Abstract: Habitat selection of coral-dwelling fish by the end of their pelagic stage can have a major effect on their survival and distribution in the reef. While many studies focused on habitat preference based on the coral characteristics such as identity, complexity and location, few studies have dealt with the preference of this stage and with the effect of “roommates” – other fish that already inhabit the corals. My study dealt with habitat selection of the coral-dwelling fish Dascyllus marginatus, a common species in the Red Sea. After settlement, the home range of this species is extremely limited, encompassing only one or a few adjacent corals; therefore the question of the “roommates” in the range who may compete for food and space or may provide security is critical. To assess D. marginatus habitat selection, I performed a series of settlement-choice experiments in aquaria: (1) With empty corals – to determine basic preference patterns, (2) With juveniles of the common species Chromis viridis that have similar ecological requirements and hence are potential competitors, (3) With adult conspecifics and adult heterospecifics. The experiments were executed with varying inter and intra-specific densities, as well as with computer simulations to test for visual effects of body patterns of different fish species on D. marginatus habitat selection. The results of the experiments were compared with distribution patterns observed in the reef. The study shows that D. marginatus habitat selection follows predictable, density-dependent patterns, albeit the pattern of the species distribution in the reef is seemingly generalist. When alone, their habitat preference can be explained by the Ideal Free Distribution (IFD) model. However, the basic preference is changed and modified by the presence of other fish in the corals with relation to their identity, life stage and density: presence of young C. viridis has a negative effect on D. marginatus habitat preference that can be explained by competition for food and space. Adult conspecifics and adult C. virids have a positive effect, as their presence may provide some safety from predation. The results of the computer simulations indicate that young D. marginatus have the ability to recognize and distinguish between body patterns of different fish species and may use this information while selecting their settlement site.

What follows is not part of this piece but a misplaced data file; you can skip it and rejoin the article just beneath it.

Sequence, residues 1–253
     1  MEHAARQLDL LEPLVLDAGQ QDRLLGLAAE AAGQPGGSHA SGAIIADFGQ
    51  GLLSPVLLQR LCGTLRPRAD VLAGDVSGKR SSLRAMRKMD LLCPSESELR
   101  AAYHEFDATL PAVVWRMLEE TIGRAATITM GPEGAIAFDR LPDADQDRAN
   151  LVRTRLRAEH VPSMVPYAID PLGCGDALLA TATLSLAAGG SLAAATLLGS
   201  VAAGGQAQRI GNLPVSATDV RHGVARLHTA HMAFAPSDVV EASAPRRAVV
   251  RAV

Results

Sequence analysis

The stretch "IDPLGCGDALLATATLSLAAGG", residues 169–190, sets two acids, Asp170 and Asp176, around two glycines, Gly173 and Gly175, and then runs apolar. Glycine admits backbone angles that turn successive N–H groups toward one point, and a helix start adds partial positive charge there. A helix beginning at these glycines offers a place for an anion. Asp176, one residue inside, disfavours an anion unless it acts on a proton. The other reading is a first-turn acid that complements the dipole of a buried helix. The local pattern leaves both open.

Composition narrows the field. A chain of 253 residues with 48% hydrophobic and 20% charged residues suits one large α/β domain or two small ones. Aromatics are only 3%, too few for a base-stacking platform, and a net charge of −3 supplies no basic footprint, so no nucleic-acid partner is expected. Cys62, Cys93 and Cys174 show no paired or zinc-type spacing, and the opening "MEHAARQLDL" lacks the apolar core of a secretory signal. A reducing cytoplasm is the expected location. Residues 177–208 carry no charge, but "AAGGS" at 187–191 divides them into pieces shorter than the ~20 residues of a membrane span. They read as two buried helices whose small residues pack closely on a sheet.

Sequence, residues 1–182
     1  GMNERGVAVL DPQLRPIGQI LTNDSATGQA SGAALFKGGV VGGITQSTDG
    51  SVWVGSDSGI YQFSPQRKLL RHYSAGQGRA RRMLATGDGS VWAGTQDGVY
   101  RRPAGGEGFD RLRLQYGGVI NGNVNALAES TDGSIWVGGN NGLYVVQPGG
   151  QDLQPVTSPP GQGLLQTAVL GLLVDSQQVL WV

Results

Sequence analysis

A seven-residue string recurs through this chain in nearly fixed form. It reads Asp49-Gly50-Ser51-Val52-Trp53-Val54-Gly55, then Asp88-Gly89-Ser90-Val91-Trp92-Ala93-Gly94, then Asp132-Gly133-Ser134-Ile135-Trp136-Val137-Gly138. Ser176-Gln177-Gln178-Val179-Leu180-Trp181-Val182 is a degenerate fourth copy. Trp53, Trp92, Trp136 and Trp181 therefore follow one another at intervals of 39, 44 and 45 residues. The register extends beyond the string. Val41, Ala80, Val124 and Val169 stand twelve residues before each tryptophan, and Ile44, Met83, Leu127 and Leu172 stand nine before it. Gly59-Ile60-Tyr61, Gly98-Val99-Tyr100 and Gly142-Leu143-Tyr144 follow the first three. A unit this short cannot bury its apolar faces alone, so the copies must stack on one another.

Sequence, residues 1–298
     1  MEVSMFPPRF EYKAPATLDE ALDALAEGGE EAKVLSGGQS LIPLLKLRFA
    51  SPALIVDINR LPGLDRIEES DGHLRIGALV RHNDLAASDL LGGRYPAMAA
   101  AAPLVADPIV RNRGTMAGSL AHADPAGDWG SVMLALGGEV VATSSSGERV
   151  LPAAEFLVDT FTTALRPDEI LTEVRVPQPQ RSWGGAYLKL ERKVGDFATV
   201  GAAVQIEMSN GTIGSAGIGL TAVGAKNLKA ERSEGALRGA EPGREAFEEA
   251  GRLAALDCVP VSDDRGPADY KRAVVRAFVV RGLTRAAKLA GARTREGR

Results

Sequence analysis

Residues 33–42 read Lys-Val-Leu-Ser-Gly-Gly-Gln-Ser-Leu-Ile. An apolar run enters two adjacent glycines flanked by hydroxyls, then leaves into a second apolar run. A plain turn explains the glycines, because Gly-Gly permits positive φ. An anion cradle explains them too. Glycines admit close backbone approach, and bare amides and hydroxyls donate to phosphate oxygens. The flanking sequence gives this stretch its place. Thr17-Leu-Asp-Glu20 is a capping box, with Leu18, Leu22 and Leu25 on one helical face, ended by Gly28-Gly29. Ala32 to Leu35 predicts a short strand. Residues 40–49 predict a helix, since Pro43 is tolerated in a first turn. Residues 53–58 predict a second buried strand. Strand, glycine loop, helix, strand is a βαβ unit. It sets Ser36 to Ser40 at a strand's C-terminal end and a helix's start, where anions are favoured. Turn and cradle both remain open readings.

Biography: Ben completed his Masters degree in Biology and Ecology at the Ben Gurion University and the Interuniversity Institute for Marine Sciences in Eilat, Israel. His thesis researched coral dwelling fish habitat selection in relation to corals characteristics and in response to other fish inhabiting the corals. This was followed by a study in the Northern Red Sea to examine how political boundaries and marine management regimes can influence coral reef status in neighboring countries. In recent years, Ben has worked as an environmental consultant for various large-scale infrastructure projects in Israel and in eco-tourism projects initiatives in Nepal and Central America. Ben is interested in conservation planning both in marine and terrestrial ecosystems and in ways to promote conservation by economic means and education.